Justice Roundtable Urges Congress to Protect, Release, Support Reentry of Incarcerated People: Group Holds Media Call

EVENT: Media call to discuss need for Senate leaders to develop COVID response bill that protects people who are incarcerated or reentering communities.

WASHINGTON, D.C., UNITED STATES, July 28, 2020 /EINPresswire.com/ — For Immediate Release
July 27, 2020
Contact: Jennifer Farmer, jenniferr@spotlightpr.org

Justice Roundtable Urges Congress to Protect, Release, and Support Reentry of Incarcerated People in Its COVID Response Package

WASHINGTON – The Justice Roundtable, a coalition of 100 organizations committed to criminal justice reform, today lambasted Senate leaders for contemplating a COVID response bill that fails to protect people who are incarcerated and reentering from carceral settings nationwide. On May 5, 2020, the Justice Roundtable sent a letter with over 75 organizational signatures to the House and Senate leadership outlining the importance of including provisions to protect, safely release and facilitate the reentry of incarcerated people in the COVID-19 response package. The group will host a media call on Wednesday, July 29 at 1:00 p.m. ET. Register here to participate.

“Incarcerated people and correctional staff remain uniquely vulnerable to infection,” said Nkechi Taifa, a human rights attorney and convenor of the Justice Roundtable. “Failure to reduce incarceration rates overall have resulted in COVID-19 outbreaks and deaths in correctional facilities nationwide. The Senate must not consider or pass any measure that does not include protections for incarcerated people and correctional staff.”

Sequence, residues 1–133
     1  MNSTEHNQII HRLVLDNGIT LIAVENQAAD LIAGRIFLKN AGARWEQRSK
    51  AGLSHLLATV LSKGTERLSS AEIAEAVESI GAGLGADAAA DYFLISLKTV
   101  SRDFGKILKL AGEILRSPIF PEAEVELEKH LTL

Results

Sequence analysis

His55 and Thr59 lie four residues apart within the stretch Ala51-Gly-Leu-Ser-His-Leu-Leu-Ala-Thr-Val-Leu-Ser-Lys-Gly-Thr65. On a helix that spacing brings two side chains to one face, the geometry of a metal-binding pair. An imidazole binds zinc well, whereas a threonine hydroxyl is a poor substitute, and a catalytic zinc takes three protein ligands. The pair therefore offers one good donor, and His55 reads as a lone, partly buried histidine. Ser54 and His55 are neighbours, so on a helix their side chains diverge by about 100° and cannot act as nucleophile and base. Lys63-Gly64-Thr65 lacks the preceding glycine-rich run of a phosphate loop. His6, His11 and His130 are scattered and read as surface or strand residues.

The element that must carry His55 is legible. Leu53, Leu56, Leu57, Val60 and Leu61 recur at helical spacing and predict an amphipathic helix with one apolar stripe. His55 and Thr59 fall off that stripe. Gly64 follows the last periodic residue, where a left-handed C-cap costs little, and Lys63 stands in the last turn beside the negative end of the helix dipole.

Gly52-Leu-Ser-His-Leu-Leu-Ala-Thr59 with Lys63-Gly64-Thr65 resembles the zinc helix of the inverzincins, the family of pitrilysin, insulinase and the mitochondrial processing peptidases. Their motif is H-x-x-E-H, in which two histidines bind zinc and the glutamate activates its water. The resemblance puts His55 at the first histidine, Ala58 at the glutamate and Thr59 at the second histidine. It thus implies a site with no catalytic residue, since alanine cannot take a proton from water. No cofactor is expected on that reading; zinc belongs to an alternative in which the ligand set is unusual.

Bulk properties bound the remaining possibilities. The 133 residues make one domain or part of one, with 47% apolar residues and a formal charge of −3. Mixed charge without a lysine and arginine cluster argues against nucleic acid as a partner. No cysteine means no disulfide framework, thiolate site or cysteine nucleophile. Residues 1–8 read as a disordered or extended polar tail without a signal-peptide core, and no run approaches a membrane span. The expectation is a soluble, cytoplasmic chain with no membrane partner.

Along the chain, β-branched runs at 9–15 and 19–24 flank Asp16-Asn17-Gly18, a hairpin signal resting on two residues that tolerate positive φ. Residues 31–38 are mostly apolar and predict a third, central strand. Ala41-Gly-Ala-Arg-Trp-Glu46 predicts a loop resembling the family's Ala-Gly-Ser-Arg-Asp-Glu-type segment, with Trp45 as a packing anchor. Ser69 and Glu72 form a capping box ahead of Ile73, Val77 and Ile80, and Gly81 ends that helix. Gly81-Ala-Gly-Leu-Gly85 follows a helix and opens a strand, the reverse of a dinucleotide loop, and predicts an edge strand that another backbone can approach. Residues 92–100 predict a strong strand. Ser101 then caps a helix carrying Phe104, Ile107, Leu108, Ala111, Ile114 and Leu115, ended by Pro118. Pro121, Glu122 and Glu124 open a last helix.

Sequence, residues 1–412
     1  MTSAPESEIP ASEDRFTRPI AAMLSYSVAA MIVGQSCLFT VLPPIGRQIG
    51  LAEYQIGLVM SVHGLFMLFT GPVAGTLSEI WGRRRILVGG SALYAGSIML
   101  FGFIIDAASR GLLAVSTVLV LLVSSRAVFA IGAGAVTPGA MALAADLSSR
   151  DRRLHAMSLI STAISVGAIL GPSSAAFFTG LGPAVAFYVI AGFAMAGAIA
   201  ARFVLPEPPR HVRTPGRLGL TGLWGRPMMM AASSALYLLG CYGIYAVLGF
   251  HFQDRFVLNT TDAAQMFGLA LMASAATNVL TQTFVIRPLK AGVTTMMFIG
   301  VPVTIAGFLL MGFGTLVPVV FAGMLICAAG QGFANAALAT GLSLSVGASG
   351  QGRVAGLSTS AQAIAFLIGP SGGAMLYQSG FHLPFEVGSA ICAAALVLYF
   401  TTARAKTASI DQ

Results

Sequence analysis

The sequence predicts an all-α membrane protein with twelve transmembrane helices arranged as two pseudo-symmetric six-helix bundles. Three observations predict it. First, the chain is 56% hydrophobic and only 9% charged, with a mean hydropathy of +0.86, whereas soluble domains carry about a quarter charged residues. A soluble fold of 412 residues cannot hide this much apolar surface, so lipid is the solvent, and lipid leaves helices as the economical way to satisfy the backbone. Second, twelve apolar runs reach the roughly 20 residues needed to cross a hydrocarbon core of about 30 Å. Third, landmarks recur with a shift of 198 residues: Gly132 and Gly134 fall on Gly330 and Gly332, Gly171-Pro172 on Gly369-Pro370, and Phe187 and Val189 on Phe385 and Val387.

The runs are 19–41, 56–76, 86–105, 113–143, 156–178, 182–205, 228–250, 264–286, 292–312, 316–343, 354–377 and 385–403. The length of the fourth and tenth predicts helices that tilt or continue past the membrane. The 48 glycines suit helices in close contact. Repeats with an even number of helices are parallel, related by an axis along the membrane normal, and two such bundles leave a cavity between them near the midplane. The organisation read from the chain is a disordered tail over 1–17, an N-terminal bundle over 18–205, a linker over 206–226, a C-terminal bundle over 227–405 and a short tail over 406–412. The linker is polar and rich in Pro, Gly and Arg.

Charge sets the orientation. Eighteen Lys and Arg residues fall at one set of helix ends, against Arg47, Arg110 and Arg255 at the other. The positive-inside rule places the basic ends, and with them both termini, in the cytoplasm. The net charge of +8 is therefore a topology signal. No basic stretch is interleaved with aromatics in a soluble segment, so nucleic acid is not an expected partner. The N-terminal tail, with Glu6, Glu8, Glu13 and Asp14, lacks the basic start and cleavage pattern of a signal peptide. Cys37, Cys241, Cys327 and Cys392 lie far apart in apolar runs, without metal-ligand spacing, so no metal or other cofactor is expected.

In the May 5 letter, the signers warned that if Congress failed to respond to the COVID-19 risk in incarceration and detention facilities, the damage would negatively impact individuals, families and communities nationwide. While many of the recommendations from the Justice Roundtable were included in the HEROES Act, Congress needs to do more to prevent more COVID-19 infections, illness, and death among incarcerated and reentering individuals and staff. This is a matter of protecting both personal and public health.

“Congress must understand the critical importance of addressing COVID-19 in carceral settings and upon reentry,” said Jenny Collier, co-chair of the Justice Roundtable’s Reentry Working Group and principal at Collier Collective, LLC. “Experts nationally have been speaking out publicly on this issue for 4 months. Advocates sent a detailed letter nearly 3 months ago warning of the risk and outlining requests that would help Congress, states, localities, and community-based organizations respond effectively.”

Failing to act decisively to slow the spread of the coronavirus inside carceral settings has led to more deaths and higher infection rates. For instance, there have been over 100,000 infections among incarcerated people even though there is little testing of this population, and almost 1,000 COVID-19 deaths.

“The conditions inside many facilities are extreme, with persons facing widespread lockdowns, an inability to social distance, and little opportunity to recover once they become ill,” said Kara Gotsch, co-chair of the Justice Roundtable’s Sentencing Reform Working Group and director of strategic initiatives for the Sentencing Project. “Failure to act immediately will lead to exponential growth in infections and deaths that could have been prevented. Delay will also slow the nation’s ability to overcome COVID-19.”


Jennifer Farmer
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Source: EIN Presswire